The speech drew heavy coverage in Florida, as it was a momentous event. Rubio was the first Cuban American to become speaker of the Florida House. In Florida, being connected to the post-revolution exile community gives a politician cachet that could never be achieved by someone identified with the pre-Castro exodus, a group sometimes viewed with suspicion.

When Rubio’s parents left the island, Cuban migration to the United States was a trickle compared with what it would become in the years after Castro’s victory. “The vast majority of people who emigrated in the ’50s went for economic reasons, not for political reasons,” said Maria Cristina Garcia, an expert on Cuban migration at Cornell University.

Multiple documents signed by Rubio’s parents, including their petitions for naturalization, show that Mario and Oriales Rubio arrived in the United States on May 27, 1956, with their son Mario, 6. Maternal grandfather Pedro Victor Garcia also came to the United States around the same time.

Marco Rubio has said that his father left Cuba after enduring hardships, including the loss of his mother when he was young.

Rubio has described the death in moving terms, although details have changed in his accounts. In February 2010, during Rubio’s electric speech to the Conservative Political Action Conference in Washington, he said that his grandmother died when his father was 6 and that “the day after her funeral, he went to work selling coffee in the streets of Havana.” Seven months later, when his father died in the midst of Rubio’s Senate campaign, Rubio wrote in an open letter that his father lost his mother when he was “just days shy of his ninth birthday.”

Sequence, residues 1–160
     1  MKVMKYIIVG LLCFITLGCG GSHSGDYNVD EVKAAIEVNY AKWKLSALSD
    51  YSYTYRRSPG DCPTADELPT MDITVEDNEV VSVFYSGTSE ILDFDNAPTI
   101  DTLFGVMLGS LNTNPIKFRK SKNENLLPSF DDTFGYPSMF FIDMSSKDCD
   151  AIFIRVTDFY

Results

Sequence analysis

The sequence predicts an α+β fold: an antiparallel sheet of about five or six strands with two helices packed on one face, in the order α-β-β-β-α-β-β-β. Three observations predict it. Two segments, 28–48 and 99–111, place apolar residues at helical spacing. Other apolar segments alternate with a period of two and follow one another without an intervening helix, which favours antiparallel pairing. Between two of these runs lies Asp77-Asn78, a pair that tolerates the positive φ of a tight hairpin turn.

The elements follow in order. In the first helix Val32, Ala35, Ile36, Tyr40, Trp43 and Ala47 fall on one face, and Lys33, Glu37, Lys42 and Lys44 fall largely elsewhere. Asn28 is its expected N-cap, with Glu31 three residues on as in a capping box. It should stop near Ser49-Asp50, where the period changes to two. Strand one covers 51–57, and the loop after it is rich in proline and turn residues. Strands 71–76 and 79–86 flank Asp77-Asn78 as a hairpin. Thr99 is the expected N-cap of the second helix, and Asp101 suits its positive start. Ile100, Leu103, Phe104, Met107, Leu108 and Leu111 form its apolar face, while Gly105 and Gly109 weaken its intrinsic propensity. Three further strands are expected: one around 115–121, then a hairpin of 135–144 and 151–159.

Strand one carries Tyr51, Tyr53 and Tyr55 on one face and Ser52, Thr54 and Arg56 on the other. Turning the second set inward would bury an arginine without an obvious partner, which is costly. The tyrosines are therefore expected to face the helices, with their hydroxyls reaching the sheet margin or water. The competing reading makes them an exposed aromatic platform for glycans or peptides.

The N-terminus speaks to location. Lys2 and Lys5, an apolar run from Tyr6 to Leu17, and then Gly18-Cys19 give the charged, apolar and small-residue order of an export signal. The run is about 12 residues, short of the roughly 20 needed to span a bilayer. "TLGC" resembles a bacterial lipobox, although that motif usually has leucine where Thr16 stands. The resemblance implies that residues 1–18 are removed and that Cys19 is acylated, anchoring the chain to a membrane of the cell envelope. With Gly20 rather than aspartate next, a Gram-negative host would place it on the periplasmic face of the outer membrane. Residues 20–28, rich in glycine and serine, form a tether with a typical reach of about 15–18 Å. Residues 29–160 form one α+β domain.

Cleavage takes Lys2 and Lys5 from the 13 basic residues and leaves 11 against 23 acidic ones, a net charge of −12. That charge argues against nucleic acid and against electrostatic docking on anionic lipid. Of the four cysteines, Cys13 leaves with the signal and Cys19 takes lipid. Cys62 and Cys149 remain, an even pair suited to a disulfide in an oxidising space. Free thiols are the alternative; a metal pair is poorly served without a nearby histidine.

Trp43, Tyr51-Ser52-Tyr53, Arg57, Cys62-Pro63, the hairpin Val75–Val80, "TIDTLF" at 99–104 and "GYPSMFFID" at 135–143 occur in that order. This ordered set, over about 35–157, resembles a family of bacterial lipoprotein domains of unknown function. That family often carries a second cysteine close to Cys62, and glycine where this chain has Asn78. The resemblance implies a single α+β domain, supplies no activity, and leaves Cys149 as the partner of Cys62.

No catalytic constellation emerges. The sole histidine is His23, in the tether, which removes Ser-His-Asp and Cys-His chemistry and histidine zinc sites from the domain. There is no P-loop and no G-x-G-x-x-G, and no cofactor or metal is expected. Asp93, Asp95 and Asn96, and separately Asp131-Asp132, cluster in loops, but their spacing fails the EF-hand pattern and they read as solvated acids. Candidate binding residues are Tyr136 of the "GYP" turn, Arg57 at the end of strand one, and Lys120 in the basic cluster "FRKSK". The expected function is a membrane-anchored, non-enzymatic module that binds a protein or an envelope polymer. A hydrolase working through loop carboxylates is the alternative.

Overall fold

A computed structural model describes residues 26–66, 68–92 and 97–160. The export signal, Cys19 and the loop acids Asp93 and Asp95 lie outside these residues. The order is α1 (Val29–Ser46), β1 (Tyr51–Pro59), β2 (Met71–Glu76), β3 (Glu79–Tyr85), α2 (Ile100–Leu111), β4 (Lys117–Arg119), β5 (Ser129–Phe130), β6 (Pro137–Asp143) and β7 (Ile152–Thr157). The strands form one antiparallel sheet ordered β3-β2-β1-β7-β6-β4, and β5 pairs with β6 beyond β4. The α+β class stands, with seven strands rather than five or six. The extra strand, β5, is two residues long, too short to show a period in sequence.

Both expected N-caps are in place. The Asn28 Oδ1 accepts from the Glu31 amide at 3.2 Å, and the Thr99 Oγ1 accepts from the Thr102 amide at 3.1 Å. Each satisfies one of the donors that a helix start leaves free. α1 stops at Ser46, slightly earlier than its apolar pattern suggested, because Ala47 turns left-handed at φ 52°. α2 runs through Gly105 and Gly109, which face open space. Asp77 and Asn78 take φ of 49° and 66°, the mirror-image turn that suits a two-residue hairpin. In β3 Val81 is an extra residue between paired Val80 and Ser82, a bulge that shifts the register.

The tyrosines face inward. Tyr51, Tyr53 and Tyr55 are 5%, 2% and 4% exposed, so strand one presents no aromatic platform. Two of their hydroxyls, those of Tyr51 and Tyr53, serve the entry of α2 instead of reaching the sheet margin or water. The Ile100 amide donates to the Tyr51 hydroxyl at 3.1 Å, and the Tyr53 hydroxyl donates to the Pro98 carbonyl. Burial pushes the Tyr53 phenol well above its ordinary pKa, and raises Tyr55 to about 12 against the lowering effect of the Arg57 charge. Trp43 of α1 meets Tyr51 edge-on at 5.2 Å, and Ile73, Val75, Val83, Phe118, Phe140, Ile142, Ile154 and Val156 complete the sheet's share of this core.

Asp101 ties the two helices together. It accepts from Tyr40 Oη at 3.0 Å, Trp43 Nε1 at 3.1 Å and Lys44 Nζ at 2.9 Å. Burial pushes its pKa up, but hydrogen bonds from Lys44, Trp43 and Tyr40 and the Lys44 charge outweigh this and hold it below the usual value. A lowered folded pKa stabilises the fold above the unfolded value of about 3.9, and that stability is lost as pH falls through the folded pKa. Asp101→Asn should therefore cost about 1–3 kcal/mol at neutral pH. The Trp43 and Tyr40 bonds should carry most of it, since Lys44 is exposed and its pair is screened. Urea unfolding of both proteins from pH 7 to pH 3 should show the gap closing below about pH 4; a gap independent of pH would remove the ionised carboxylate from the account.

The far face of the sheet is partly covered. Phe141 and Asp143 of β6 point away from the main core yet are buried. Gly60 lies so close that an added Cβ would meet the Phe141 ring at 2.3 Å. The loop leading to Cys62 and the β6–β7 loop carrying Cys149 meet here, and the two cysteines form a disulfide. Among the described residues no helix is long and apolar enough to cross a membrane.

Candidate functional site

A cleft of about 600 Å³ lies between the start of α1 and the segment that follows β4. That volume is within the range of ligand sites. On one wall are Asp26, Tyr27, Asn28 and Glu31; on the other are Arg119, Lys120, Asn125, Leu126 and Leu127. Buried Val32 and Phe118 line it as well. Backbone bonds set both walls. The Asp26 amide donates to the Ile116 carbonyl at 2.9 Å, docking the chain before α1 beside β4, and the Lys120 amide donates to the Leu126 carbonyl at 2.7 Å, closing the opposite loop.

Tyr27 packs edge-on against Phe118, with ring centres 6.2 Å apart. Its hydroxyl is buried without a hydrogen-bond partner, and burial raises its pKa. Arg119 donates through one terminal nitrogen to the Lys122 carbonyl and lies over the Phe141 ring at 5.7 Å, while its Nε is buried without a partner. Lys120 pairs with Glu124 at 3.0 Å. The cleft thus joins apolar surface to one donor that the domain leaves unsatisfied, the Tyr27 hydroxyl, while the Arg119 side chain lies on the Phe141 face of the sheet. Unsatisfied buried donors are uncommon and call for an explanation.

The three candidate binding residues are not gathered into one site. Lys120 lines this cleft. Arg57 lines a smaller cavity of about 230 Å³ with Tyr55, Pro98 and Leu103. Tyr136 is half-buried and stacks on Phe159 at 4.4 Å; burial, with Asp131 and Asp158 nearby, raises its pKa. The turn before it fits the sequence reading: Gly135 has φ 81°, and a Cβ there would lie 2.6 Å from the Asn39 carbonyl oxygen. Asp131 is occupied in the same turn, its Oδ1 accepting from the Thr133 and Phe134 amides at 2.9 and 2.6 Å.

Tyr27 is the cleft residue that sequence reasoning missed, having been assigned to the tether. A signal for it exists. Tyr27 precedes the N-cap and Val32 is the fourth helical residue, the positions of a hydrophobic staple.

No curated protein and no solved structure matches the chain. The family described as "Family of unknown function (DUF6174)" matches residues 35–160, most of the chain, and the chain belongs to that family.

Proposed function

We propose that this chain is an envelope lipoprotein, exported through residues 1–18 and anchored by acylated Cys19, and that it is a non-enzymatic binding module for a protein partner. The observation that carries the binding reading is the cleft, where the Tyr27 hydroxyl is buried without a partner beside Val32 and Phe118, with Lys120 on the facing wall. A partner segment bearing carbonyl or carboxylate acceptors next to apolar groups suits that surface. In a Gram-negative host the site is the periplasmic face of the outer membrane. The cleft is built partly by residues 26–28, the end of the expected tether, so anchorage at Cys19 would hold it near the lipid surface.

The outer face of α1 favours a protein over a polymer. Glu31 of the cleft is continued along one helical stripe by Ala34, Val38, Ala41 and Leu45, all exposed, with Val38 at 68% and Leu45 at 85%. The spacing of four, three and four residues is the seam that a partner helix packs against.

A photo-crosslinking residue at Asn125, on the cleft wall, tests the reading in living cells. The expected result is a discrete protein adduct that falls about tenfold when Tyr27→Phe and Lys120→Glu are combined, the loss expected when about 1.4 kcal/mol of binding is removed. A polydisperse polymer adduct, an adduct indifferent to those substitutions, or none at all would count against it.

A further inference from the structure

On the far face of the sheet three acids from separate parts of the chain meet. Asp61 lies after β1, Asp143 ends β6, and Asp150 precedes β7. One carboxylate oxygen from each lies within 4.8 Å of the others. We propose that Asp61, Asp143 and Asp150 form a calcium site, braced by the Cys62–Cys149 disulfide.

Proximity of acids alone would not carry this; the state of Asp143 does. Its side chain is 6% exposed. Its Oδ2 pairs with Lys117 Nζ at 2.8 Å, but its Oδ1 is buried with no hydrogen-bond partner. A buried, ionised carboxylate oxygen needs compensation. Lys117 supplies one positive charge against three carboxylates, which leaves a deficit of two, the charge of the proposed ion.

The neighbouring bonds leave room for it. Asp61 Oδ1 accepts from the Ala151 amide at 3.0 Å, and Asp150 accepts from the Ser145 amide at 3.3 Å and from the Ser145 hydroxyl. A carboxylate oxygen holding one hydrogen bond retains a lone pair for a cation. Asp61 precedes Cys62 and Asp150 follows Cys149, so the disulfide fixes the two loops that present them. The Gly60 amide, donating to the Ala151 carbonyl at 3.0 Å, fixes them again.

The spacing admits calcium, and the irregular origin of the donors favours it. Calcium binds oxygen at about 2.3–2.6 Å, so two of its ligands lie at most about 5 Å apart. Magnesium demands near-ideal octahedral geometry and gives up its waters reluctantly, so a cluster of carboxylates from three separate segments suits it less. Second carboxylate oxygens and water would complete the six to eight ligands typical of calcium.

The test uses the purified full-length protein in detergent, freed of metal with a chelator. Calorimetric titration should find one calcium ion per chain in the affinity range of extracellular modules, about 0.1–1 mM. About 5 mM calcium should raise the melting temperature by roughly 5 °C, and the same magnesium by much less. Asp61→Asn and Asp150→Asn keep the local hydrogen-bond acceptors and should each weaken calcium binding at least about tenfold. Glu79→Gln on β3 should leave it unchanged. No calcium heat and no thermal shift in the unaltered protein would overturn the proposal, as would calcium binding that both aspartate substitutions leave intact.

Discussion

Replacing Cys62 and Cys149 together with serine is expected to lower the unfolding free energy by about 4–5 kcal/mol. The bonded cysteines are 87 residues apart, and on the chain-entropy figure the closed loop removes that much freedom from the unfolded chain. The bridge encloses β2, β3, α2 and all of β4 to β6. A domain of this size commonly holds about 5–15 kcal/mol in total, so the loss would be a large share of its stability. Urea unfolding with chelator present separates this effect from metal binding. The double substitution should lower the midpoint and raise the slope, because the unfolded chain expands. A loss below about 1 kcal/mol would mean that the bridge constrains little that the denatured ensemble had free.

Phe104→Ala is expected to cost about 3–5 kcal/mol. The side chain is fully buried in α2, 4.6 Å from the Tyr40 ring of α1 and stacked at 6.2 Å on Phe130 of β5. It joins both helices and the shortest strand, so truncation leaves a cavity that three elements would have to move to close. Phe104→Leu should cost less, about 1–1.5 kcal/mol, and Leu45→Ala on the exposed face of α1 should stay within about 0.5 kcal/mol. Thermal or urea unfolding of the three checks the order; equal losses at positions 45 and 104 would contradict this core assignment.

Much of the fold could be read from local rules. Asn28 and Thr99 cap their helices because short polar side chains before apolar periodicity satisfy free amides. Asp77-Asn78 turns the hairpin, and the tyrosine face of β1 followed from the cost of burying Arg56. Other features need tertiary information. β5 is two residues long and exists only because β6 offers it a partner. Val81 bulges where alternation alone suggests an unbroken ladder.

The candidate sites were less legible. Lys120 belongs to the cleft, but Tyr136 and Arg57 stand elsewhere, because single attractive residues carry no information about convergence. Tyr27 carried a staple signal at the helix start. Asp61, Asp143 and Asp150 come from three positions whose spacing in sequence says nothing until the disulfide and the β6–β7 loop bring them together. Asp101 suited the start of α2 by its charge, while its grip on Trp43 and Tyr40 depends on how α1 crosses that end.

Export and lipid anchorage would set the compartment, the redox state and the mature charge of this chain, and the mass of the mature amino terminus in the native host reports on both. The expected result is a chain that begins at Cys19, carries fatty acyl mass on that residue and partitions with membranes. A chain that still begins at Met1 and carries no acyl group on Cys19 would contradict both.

The Social Security numbers for Rubio’s father and grandfather suggest that Mario Rubio received his Social Security number in Florida in 1956 and that Garcia received his in New York in 1956-57.

What’s known of their lives in the United States comes primarily from Marco Rubio’s speeches and writings. He talks and writes lovingly of his father, telling of the family’s regular Sunday trips to the International House of Pancakes and how his father managed equipment for his Pop Warner football team. His father was a bartender and school crossing guard; his mother worked as a hotel maid and stocking shelves at Kmart. The family was itinerant, according to the senator, living at various times in New York and Los Angeles and spending several years in Las Vegas. But it appears that most of their time was spent in the Miami area, where a 1958 city directory shows a Mario Rubio employed at the luxurious Roney Plaza Hotel.

In one 2010 interview with Fox News’s Sean Hannity, Marco Rubio seemed uncertain about the date of his parents’ arrival, saying, “My parents and grandparents came here from Cuba in ’58, ’59.” None of the public statements reviewed by The Washington Post gave 1956 as their arrival date.

The senator’s office tried to clarify the facts in its statement Thursday. After coming to the United States in 1956, Rubio’s parents visited Cuba after Castro’s takeover. In 1961, Oriales Rubio took her two children to Cuba “with the intention of remaining permanently.” Mario remained in Florida “wrapping up the family’s matters.” But within weeks of arriving, “it because clear that Cuba was headed full speed toward Communism and they decided to return to the U.S,” the statement said.